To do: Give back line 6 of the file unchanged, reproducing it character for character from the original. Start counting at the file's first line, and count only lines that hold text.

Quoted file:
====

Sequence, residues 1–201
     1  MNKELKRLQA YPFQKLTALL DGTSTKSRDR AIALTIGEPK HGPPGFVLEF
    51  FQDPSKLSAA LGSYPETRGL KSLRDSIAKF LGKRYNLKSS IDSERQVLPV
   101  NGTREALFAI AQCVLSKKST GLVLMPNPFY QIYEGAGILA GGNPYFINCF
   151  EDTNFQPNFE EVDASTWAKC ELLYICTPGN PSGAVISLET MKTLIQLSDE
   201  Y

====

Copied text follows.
   201  Y